Several years ago, a trend started to rise. I believe it was perpetrated by Pinterest, but perhaps it doesn’t matter who started it. What’s important is that it must stop.
This trend is the infinite scroll.
You know the feature — your looking at a list or a collection of tiles, and when you scroll to the bottom, more list items or tiles appear. Scroll to the bottom of that, and more stuff appears, and it continues on and on….
There are numerous issues with infinite scrolling. Admittedly, some of these issues are based more on what seems to be sloppy implementations, but some of the issues run more against the overall philosophy of the practice. This post isn’t supposed to be too negative though. I’ve included some issues to these common problems as well as the possibility for a better version of the infinite scroll.
1. Broken Back Buttons
This really, really shouldn’t be an issue, but for many websites, they’ve decided to not finish up the job on their infinite scrolling goodness, and make sure that my back button still works. I was just browsing Behance, a website for people who design stuff (many of which design for the web). I made my way quite a ways down their infinite wall of nice looking projects, clicked on one to view it, and then hit my back button, which promptly took me to the top of the infinite wall of projects. I had no idea where in that list I left off, so I gave up and left.
Solution: Don’t break the back button. Enough said.
2. No Frame of Reference
Page numbers are nice for remembering where things were. When browsing a big listing of products, links, or any other collection of stuff, I’ll occasionally want to go back and find something that I saw several pages back. I’ll usually have the thought along the lines of “oh, I think that was on page three or four”. I’ll jump back to those pages, and find what I was looking for. With most implementations of the infinite scroll, I don’t have those reference points, making it much more difficult to find what I was looking for.
Solution: Perhaps break the huge list into “pages”, with headings so I can scroll to the “page” where I saw that thing that I was looking for. You can even still have page numbers always visible to help me navigate through the infinite scroll.
3. No Satisfaction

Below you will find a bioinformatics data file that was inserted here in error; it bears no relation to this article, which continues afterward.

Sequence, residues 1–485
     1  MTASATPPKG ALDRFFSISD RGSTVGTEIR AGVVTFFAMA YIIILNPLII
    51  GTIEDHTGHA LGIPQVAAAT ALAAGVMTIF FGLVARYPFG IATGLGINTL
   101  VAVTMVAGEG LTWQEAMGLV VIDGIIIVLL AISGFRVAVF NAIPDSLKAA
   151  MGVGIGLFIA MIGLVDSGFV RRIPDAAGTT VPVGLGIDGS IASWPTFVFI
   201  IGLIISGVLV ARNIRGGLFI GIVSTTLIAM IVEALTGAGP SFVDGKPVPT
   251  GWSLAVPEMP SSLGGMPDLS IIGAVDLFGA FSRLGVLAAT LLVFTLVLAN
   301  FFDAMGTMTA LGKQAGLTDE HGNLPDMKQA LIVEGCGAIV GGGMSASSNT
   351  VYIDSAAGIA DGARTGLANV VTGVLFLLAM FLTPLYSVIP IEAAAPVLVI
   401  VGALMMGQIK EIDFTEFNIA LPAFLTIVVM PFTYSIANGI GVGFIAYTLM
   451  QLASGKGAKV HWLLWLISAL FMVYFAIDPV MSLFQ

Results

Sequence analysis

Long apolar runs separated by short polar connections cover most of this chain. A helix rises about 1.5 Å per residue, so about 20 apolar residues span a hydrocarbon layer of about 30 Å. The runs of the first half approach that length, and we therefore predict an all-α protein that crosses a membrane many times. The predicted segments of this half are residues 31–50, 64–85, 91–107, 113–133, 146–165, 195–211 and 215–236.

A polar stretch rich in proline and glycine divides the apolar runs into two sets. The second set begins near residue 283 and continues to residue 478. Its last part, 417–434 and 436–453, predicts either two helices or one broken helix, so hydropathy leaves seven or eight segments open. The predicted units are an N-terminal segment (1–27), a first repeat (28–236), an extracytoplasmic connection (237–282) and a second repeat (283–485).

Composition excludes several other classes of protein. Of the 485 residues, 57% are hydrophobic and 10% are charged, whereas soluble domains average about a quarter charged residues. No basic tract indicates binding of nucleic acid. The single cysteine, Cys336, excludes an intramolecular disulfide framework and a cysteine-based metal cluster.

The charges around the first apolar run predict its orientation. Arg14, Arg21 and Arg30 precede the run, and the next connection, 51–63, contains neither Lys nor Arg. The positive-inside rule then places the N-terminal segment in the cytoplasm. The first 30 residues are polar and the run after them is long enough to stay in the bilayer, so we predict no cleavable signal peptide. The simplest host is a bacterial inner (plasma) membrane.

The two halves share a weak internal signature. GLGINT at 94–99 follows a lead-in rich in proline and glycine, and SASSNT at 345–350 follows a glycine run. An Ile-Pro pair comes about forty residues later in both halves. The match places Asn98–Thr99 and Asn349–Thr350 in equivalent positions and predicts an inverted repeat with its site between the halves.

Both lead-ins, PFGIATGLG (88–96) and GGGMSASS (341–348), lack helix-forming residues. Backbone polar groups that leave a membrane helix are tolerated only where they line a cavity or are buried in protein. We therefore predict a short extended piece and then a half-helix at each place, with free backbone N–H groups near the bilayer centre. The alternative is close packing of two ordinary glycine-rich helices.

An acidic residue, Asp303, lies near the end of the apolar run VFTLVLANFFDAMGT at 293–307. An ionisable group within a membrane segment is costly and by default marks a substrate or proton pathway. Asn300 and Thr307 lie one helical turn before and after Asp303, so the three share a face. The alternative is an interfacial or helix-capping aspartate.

It’s a minor point, but I think I find it mildly annoying that I can never accomplish my goal of reaching the bottom of the page. I’m looking for those little wins in life. A little pat on the back for a job well done, a glass of wine at the end of a long workday, and reaching the bottom of web page. Now whenever I feel like I’m getting close to accomplishing that goal, more stuff appears. Where’s my sense of accomplishment, and why have you taken this from me?
Solution: Maybe give me some rewards as I scroll down the page. Maybe just some messages that appear that say something like “good job, you made it 212,000 pixels down the page, keep going, you can do it!” I’m mostly kidding on this, but now that I think about it, it’s not a bad idea. Adding in those page numbers mentioned above would probably help with this though.
4. You Just Killed My Browser. Thanks Infinite Scroll
It’s been a while since I’ve experienced this issue, but when this trend was first appearing, I remember browsing several tumblr websites, and eventually I would do so much scrolling that the browser would just sort of give up for me, and crash itself. I guess it had loaded too much stuff, hit its memory limits or whatever, and just died. A crashing browser is generally a bad user experience.
5. I Like My Scroll Bar. You’ve Turned it Into a Liar
I’m mildly conscious of the size of a page, and how much scrolling I have to do based on the size of the draggable handle in the browser’s scroll bar. I can now never trust it, since it changes in size based on how far down the page I have scrolled. Oh, and I’ve also had it so the scroll bar handle shrinks so small, that it’s nearly impossible to grab with a mouse (I do usually use a scroll wheel, but still, I think the point holds).
6. You Tried Putting a Footer on an Infinite Scrolling Page?!
I’ve seen footers try to load, at least for a split second, before the infinite scroll loads more content and pushes it back down out of view. It can be fun trying to reach that footer, and can become a fairly fun little game for a minute or two before I leave your site for something better.
7. So Much For Bookmarking
I like bookmarking pages to come back to later. Perhaps I don’t need to really bookmark page five of a gallery of website thumbnails, but who are you to decide for me?
A Better Way
There are advantages to infinite scrolling, including the lack of reloading the entire page and presenting the visitor with a continual stream of the goodness they’re seeking. I think there is a way to do infinite scrolling that is still nice from a user’s perspective. This would include:
- Creating pagination as you scroll through, and having good ol’ page numbers always visible would help. As you scroll down the page, the current page number is highlighted.
- Update the URL. As you scroll, the URL is updated so I can bookmark that section for later.
- Oh, and make sure you don’t break that back button.
I guess the takeaway here is that the infinite scroll doesn’t have to suck. Some updates in how it’s approached can make it much more pleasing from a user’s perspective.